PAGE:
Thursday, February 10, 2011

The best buzzer beaters, the worst collapses

Last night, Rutgers somehow defeated Villanova in Big East action, despite trailing by five points with 11 seconds remaining. Rutgers drained a 3 with seven seconds to play, and after Villanova made just one of two free throws for a three-point lead, Rutgers hit a 3 with .8 seconds left. Standard comeback stuff.

Except on the Rutgers 3, Villanova fouled the shooter, who hit the free throw for a four-point play and one incredible 77-76 victory.

These types of games are stunning because they appear out of nowhere and the losing coach goes from happiness to contemplating retirement while the players wonder if some of their teammates are actively throwing games. A standard buzzer-beater is exciting enough, but it usually comes at the end of a game that's been close throughout, a game where neither team grabs more than a 3-point lead in the final minute. Collapses are even more fun to watch, unless it's your team on the losing end.

Some of the more memorable comebacks.

This is one of the more memorable offensive explosions in NBA history. Tracy McGrady scores 13 points in 33 seconds against the Spurs. Houston trailed 76-68 with 35 seconds left when McGrady drilled a 3. For the Spurs, it went downhill from there. The opponent made the comeback even more improbable. McGrady, who had 20 points in the first 47 minutes, did it against the best defensive team of the past decade, a four-time NBA champion. Bruce Bowen, one of the best individual defenders of the past 15 years, guarded him, but proved helpless against McGrady.

This next game is probably still painful for my uncle and cousin. My uncle was a longtime professor at Winona State in Minnesota and remains a hell of a basketball player, even at 70. Winona State dominated Division II for three years, winning two titles. But the year they didn't win is the most memorable. In 2007, the defending national champs, who were riding a 57-game winning streak, led Barton 74-67 with 45 seconds remaining. From there...

Until I started searching YouTube for crazy endings, I had never seen a clip of the following game. It might be the craziest of all. It's from 1999, USC at Oregon. With 2.8 seconds, USC had the ball but trailed by five points. They hit a three from the corner. Oregon then, inexplicably, attempts a long pass, which is intercepted by a Trojan, who knocks in a halfcourt shot at the buzzer. It seems like the clock operator might be partly to blame, even though the game was in Oregon. How does the guy catch the ball and get a shot off in .8 seconds? Look out for future Celtic great Brian Scalabrine.

In the 2001 Final Four, which was held in the Metrodome, long before the stadium became a metaphor for the Vikings' 2010 season, Duke trailed Maryland 39-17 in the first half, before rallying for a 95-84 victory. Two nights later the Blue Devils won the national championship.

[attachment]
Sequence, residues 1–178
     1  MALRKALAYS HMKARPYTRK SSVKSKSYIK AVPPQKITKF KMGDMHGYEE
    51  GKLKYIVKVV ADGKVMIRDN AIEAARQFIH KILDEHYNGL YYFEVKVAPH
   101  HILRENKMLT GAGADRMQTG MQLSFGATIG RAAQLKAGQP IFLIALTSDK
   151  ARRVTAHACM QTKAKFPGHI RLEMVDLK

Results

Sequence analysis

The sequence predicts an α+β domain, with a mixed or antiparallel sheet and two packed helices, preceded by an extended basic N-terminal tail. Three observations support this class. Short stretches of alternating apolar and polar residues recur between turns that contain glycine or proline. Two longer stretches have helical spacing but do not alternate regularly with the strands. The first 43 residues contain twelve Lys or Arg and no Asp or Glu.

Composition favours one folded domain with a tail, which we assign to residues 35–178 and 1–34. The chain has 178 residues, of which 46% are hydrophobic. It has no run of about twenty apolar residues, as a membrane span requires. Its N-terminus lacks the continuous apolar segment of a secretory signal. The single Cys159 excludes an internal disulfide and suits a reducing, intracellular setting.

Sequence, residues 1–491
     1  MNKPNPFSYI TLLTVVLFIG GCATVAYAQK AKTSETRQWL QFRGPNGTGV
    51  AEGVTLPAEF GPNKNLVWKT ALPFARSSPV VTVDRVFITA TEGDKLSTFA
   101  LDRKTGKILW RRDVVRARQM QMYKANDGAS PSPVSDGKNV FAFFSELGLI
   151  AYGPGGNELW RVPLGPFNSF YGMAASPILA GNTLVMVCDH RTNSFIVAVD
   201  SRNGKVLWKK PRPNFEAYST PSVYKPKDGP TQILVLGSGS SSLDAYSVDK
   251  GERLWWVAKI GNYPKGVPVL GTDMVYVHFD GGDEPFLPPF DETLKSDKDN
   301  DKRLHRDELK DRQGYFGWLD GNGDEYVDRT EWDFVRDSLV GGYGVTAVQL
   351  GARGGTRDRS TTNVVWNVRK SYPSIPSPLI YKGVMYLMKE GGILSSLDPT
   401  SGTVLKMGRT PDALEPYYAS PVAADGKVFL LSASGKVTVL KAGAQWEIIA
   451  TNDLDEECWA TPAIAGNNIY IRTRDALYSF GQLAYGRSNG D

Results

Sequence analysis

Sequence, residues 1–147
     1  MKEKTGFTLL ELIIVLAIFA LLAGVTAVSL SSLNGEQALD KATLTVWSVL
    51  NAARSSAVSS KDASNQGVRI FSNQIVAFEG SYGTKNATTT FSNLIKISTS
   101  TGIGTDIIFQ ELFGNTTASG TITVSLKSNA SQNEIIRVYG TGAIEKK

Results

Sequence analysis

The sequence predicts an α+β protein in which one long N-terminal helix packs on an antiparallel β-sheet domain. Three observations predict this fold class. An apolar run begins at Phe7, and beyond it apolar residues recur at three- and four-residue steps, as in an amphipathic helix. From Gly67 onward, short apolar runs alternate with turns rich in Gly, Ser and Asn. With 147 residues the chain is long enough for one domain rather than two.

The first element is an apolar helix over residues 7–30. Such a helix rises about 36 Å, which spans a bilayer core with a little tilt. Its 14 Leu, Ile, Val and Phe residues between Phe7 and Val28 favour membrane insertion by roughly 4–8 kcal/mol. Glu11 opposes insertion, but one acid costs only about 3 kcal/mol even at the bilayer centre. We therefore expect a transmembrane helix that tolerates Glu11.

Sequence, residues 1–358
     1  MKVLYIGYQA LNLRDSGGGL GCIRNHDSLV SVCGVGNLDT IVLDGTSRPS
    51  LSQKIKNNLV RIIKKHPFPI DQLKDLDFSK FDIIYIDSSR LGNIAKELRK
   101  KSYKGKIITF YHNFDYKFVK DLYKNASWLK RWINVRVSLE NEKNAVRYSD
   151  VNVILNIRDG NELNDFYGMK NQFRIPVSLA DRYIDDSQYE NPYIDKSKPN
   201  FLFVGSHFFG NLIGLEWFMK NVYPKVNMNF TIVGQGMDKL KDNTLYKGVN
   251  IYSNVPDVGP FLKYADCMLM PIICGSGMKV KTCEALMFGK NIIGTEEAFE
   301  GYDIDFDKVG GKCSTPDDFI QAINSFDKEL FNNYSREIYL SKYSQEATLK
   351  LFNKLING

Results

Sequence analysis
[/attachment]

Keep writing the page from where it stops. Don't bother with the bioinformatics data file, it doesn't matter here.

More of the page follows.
But Maryland was used to blowing big leads against Duke. In January of that year, the Terrapins squandered a 10-point lead in just a minute, on their home court, before losing in overtime. Duke guard Jason Williams led the charge, helped along by some horrific Maryland ballhandling and passing.

These comebacks in the final 30 seconds should be more common in the pros, where teams take the ball out at halfcourt after timeouts. But maybe the college game lends itself to more improbable finishes, as inexperienced players crumble in the final minutes with bad free throw shooting and worse ballhandling.

But the pros aren't immune, as the Spurs proved against McGrady and as bad teams prove several times a season. Earlier this year, Sacramento coughed up a four-point lead in the final 8 seconds. More accurately, the Kings lost a four-point lead in the final four seconds as the Warriors managed to pull off a feat that probably hasn't happened more than five times in basketball history. Trailing by 4, Golden State's Reggie Williams made the first first free throw and missed the second on purpose. When Sacramento fumbled the rebound out of bounds, the Warriors threw in from under their own basket to former Laker Vlad Radmanovic, who hit a tying three at the buzzer. Golden State prevailed in overtime. It's tough enough missing a free throw on purpose in hopes of getting a tip to tie. Missing one and draining a game-tying 3-pointer? Seems completely implausible. But not against a bad team.

As far as I know, no film exists of one of the best comebacks ever, which, as always happens in those games, doubled as one of the great collapses of all time. My college coach Mike Augustine now coaches high school ball in Colorado. A few years ago his team held an 8-point lead with 14 seconds remaining. The opposition hit a three and got fouled. Augie's player complained about the call and the ref slapped him with a T. Three free throws later, Augie's team now only led by two and the opponent had the ball out of bounds. Inevitably - because any team that sees an 8-point lead cut to 2 in a second is seemingly destined to lose - the other team drained a 3-pointer at the buzzer, their ninth point in 14 seconds, giving them the victory and leaving Augie wondering about his chosen profession.

Epic collapses happen to high school teams and NBA champions, to bad teams and good. And it even happens in the movies. Remember South Bend Central going scoreless in the closing minutes of the Indiana state title game against Hickory and losing a six-point lead? As the Spurs, Kings, Terrapins and Augie know, when you don't put a team away, you leave an opening for guys like McGrady and Williams. And for Jimmy Chitwood.

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